Alan Bernheimer, spokesman for First Solar, says that before the current development rush in California, the company had constructed about 300 MW of utility-scale solar projects in North America.

Bernheimer adds that First Energy's development pipeline now totals about 2,700 MW. That includes 1,330 MW from the Topaz solar farm, Desert Sunlight solar farm and Antelope Valley solar ranch combined.

With government agencies concerned about the effect of solar energy projects on the landscape, Bernheimer says that First Solar works with public-sector officials in the design process to ensure that projects have a limited impact on the environment and wildlife.

He says the scale of First Solar's two largest projects, Topaz and Desert Sunlight, were cut significantly from the original plans. The company worked with government agencies and community and conservation groups to modify the designs.

Bernheimer says, "Topaz, for example, was originally designed to occupy 6,000 acres, but was reduced to 3,500 acres. In addition, over 17,000 acres of additional land nearby will be conserved in perpetuity." Working with BLM, the company trimmed the Desert Sunlight project's size, to 3,761 acres, from an originally planned 19,000 acres.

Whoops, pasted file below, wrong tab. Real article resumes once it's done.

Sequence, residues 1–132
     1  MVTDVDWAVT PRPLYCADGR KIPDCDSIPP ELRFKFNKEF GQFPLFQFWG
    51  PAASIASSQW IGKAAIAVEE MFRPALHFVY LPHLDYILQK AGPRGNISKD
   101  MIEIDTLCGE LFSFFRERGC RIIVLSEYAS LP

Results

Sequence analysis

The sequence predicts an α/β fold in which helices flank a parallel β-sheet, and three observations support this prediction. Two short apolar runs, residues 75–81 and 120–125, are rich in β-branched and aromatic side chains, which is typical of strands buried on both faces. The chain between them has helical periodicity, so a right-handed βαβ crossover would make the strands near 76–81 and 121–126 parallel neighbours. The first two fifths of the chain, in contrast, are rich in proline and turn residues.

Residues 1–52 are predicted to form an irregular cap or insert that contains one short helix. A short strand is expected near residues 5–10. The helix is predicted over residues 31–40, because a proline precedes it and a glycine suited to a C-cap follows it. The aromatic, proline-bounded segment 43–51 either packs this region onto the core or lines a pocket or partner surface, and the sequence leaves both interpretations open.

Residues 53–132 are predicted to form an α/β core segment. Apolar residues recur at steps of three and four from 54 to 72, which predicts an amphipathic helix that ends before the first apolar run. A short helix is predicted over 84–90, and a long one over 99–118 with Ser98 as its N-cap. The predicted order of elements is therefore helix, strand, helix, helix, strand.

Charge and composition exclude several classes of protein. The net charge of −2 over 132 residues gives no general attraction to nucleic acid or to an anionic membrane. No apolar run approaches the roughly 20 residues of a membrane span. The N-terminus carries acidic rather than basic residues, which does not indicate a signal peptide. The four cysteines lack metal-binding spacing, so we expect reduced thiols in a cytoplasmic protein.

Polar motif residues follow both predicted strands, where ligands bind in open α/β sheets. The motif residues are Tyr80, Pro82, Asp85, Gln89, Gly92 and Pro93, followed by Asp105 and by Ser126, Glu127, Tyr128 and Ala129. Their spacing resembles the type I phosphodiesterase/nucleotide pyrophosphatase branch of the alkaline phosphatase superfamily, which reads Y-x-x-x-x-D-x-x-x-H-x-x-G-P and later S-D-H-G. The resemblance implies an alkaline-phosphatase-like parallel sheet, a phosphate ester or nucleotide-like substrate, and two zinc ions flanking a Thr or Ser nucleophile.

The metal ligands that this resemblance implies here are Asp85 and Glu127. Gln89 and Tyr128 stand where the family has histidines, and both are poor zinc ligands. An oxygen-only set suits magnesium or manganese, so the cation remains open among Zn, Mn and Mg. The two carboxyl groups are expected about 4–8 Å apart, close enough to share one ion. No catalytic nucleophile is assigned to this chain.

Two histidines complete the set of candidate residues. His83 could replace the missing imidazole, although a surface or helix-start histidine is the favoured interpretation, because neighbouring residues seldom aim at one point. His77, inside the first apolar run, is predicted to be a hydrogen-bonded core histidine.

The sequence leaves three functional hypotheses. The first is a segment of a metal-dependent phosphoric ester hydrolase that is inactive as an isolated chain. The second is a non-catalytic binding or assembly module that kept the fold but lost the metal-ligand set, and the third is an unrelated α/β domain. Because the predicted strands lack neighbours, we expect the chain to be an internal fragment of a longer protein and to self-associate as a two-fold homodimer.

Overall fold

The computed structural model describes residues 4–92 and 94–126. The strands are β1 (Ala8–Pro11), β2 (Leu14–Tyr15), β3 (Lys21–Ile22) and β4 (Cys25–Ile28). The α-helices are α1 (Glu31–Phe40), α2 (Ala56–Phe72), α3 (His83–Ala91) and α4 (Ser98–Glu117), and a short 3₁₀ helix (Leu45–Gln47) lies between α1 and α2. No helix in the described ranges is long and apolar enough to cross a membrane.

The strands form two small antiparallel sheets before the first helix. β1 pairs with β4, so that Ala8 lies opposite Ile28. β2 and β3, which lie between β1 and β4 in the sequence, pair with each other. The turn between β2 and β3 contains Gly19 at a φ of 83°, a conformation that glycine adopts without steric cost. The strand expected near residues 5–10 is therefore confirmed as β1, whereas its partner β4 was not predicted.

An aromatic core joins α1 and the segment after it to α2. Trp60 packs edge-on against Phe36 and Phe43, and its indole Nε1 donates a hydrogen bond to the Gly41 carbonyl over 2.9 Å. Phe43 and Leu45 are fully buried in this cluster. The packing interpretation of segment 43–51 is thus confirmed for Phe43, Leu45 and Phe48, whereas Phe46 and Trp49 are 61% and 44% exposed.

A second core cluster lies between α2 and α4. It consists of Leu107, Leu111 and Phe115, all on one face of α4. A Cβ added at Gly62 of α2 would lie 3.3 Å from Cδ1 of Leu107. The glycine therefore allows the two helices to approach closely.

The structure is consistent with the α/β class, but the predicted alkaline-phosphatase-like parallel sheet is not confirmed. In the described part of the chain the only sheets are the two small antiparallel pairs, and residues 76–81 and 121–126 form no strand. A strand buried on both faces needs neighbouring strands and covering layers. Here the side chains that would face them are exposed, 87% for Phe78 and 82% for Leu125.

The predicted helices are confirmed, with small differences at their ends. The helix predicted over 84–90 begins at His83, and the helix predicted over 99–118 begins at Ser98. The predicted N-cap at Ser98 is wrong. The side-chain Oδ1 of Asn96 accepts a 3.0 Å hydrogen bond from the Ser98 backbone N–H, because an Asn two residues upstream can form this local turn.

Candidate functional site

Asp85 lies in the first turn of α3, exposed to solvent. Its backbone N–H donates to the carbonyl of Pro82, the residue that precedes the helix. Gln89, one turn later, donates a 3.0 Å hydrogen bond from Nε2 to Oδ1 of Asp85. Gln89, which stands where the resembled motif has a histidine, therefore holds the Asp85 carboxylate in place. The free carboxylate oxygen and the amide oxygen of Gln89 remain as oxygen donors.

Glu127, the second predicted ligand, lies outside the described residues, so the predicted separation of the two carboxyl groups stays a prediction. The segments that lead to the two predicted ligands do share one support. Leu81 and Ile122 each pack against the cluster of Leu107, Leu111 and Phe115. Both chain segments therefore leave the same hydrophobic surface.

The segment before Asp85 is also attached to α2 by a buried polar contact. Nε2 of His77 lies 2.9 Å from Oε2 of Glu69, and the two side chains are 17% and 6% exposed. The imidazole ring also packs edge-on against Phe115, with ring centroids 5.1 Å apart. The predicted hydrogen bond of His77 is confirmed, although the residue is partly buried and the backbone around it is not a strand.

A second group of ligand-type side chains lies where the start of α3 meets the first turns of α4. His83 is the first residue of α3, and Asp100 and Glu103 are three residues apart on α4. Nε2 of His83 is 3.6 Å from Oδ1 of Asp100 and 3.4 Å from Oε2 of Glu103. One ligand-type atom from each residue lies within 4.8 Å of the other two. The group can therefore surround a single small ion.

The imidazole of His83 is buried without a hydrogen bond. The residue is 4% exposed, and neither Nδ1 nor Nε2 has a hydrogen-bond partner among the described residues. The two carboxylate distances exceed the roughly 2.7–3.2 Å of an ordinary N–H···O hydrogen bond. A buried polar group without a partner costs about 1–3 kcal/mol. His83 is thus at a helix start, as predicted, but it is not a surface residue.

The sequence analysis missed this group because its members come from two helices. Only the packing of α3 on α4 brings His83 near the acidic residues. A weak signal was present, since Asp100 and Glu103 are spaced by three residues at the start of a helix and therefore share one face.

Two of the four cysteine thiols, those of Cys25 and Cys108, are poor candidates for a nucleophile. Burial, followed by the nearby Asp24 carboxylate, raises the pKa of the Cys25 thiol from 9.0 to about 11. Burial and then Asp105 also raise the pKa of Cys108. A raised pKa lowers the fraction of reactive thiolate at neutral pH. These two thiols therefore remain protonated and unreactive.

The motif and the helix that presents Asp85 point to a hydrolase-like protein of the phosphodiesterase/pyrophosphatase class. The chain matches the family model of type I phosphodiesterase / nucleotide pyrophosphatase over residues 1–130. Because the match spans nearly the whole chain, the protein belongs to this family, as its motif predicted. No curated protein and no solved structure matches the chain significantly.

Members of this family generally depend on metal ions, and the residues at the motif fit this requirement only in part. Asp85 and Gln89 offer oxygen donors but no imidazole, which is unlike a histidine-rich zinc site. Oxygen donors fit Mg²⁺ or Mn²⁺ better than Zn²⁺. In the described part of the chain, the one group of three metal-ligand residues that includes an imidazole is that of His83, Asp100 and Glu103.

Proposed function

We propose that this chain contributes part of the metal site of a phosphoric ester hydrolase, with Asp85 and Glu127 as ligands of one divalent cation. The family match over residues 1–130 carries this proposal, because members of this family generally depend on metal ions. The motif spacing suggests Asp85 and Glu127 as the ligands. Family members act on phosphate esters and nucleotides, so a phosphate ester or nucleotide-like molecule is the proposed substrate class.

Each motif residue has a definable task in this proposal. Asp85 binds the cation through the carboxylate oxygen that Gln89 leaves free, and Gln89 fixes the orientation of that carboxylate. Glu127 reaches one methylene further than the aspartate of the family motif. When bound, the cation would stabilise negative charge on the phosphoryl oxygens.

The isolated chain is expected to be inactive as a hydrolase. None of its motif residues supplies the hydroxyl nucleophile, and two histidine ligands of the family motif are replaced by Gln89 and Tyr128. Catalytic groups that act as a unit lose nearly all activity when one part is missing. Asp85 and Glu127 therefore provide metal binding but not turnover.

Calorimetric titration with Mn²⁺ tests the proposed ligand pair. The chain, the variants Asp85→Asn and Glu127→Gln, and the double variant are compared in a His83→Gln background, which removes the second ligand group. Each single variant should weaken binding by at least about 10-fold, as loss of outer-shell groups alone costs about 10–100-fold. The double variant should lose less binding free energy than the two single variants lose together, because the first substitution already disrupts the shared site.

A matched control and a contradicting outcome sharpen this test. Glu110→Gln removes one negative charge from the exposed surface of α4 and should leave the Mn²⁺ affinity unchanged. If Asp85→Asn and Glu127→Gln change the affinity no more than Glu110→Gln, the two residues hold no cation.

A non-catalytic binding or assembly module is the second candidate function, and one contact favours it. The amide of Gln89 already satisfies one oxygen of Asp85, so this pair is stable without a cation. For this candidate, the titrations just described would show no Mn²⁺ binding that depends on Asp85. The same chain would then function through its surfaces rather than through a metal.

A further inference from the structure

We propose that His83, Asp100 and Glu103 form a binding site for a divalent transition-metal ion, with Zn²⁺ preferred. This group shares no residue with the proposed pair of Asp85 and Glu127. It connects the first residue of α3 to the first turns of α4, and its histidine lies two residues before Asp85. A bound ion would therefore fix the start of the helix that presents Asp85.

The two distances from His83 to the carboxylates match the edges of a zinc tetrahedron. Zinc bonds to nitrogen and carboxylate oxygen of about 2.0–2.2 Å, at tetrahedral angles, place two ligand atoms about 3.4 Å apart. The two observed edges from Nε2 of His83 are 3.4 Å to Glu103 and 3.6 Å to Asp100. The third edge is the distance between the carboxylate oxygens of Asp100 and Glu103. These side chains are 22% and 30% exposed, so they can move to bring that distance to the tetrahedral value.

Topaz is owned by MidAmerican Energy Holdings, a subsidiary of Warren Buffett's Berkshire Hathaway Inc. The project is located on the northwestern corner of the Carrisa Plains in San Luis Obispo County. The site, which is near transmission lines, will provide a maximum of 550 MW of alternating current, which can power 160,000 homes.

According to First Solar, the thin-film photovoltaic panels stand about 5.5 ft above ground at their top edge. They are supported by steel I-beams driven into the ground. The project will create around 400 construction jobs and 15 long-term positions.

The top 10 projects also include three natural-gas generating plants. Libby says that reflects a balancing of renewables and fossil fuels to meet the state's needs.

Buildings also are well-represented on the list. The top 50 roster contains more than 20 new facilities, including hospitals and courthouses.

Note: The Top Starts ranking is based on total project cost. ENR California used multiple sources to create the list, including the McGraw-Hill Construction Dodge database, news reports and submissions from owners, contractors and design firms.